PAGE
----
Fast VW Estates

These aren’t just ‘pie in the sky’ ideas – we’ve picked out ones that, due to the wonders of modular platforms, could probably happen without too much engineering work. We’ve also rated them for desirability and feasibility, just to help point those manufacturers in the right direction…

1. BMW M3 Touring
BMW M3 TouringBMW has flirted with M Touring versions of the larger M5 twice in the past, and even went so far as building a concept E46 M3 Touring which never saw the light of day. Is now the time for a compact BMW performance estate?

The concept of a 431hp twin-turbocharged 3 Series Touring is rather appealing and, we imagine, adding M3 modifications to the estate bodyshell would make for quite an attractive proposition. Plus, BMW appears committed to covering every possible market niche these days, so this would just be one more addition. Think of it as karma for the 2 Series Active Tourer.

Sadly, market demand apparently means that this one falls quite far down the list of possibilities. BMW models are required to have global appeal and an M3 Touring is something that would seemingly only sell in Europe. Audi with the RS4, and Mercedes-Benz with the C 63 AMG, have somehow transgressed this problem, but the men in Munich aren’t convinced. Alpina is already doing a rather good job of building rapid 3 Series wagons, which doesn’t help our case.

Verdict
Desirability – 8/10
Feasibility – 6/10
Likelihood – 0/10 Probably more chance of an 2 Series Active Tourer M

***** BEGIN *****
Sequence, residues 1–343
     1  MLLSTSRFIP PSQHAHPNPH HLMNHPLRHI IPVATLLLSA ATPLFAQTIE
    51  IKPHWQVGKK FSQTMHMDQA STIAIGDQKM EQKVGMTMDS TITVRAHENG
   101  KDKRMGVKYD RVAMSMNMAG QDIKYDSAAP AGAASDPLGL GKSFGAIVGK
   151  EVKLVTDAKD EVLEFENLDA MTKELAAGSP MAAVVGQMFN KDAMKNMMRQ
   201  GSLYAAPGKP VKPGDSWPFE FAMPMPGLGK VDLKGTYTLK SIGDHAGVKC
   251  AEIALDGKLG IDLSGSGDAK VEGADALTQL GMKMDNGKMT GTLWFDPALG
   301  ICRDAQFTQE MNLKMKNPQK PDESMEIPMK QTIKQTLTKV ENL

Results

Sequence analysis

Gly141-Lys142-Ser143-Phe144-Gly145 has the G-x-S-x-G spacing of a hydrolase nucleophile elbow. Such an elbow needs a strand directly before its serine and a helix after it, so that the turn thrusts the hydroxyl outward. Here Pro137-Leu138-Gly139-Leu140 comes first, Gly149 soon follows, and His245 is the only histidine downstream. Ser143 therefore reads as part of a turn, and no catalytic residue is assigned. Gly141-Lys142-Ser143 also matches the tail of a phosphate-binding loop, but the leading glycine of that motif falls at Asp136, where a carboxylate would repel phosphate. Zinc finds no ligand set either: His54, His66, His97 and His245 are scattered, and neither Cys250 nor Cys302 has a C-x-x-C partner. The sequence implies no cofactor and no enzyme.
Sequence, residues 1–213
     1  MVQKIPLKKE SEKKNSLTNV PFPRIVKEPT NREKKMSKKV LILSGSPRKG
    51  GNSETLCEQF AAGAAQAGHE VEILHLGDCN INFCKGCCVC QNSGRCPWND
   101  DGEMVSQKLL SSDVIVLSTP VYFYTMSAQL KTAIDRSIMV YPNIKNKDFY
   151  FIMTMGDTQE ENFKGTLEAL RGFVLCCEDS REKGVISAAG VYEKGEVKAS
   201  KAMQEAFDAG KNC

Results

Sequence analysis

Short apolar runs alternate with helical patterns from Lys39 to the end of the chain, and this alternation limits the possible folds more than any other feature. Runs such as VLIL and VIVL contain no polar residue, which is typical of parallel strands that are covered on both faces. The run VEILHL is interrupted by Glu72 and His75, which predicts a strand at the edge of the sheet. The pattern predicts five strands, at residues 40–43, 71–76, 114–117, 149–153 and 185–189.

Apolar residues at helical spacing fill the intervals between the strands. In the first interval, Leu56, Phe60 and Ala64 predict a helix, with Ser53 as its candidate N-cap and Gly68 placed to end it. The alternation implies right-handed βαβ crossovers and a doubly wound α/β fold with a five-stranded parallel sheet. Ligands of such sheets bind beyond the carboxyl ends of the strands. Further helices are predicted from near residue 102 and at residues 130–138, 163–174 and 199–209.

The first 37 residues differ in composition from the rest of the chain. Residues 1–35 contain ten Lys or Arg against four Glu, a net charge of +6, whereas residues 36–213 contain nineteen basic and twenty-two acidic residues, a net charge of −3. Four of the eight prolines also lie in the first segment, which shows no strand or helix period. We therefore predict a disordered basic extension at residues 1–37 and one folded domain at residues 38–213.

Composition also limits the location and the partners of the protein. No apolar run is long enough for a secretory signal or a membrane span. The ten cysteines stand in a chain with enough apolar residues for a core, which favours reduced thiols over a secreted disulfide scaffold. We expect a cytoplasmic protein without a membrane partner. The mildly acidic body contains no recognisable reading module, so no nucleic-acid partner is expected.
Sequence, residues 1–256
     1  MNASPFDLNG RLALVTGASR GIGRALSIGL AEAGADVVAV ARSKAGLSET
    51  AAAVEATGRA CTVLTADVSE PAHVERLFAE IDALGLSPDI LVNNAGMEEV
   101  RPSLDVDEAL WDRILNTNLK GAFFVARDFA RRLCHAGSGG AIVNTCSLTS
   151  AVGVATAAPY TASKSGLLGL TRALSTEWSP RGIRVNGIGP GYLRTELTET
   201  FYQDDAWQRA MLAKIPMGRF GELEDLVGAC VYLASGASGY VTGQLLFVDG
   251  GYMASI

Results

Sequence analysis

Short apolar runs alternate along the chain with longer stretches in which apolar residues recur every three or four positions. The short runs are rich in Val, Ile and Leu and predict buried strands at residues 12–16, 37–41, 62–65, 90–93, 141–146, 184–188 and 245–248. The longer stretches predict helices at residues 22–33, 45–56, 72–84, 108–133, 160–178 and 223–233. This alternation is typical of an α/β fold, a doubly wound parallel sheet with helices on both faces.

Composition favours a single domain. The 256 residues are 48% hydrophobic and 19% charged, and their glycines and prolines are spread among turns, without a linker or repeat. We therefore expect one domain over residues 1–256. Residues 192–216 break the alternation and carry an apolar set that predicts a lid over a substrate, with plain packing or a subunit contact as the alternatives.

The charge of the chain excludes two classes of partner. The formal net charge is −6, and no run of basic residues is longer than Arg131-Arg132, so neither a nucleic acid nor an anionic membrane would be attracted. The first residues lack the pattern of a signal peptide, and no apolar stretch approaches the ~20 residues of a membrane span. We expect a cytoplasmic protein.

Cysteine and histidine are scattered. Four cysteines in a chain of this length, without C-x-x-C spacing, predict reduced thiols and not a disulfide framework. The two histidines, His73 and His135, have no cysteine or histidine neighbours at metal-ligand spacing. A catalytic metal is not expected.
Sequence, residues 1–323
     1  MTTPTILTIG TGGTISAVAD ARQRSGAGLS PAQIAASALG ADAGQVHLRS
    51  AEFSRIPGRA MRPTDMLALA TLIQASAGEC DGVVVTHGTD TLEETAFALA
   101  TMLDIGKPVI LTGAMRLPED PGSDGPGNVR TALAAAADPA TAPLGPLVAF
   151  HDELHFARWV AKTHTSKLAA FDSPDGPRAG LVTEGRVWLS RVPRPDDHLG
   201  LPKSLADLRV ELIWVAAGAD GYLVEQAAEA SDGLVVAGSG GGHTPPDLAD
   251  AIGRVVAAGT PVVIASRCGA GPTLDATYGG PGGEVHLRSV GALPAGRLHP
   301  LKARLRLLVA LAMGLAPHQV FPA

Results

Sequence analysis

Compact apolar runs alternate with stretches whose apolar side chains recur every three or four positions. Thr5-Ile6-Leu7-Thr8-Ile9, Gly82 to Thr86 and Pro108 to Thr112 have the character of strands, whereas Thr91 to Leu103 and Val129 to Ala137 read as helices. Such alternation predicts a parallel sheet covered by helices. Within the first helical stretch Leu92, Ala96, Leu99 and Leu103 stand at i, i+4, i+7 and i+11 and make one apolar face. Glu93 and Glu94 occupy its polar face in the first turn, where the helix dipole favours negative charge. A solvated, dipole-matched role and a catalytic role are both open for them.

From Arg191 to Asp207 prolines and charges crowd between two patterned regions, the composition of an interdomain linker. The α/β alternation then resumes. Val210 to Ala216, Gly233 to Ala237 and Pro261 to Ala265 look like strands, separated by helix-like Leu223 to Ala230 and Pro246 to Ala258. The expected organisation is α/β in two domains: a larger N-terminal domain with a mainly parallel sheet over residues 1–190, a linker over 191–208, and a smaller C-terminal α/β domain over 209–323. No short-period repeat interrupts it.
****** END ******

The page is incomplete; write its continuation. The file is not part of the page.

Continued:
2. Ford Focus RS EstateFocus RS EstateAlthough the hatchback might have only finally emerged, what better time to add a rapid load-lugger to the lineup as well.

The Focus RS hatch is a fairly awesome piece of kit, so making it more practical can only be a good thing, surely? Plus there’s already a Focus ST estate on sale, proving demand exists for quick wagons wearing the Blue Oval badge. With the Volkswagen Golf R notching up sales, there’s certainly buyers out there for estates based on extremely rapid hatchbacks. Plus, the thought of engaging Drift mode whilst on the way to the recycling centre has huge appeal.

Ford is already struggling to meet demand for the Focus RS hatch, so adding an estate variant might just be too much to handle. Although, as the RS is built on a regular production line with extra bits added later, surely there would be scope to squeeze a limited edition in there? There’s no precedent for RS estates, and we imagine that’s the excuse Ford would use to bat this away, but everything has to start somewhere. Also, this rendering by X-Tomi Design shows how good it could look.

Verdict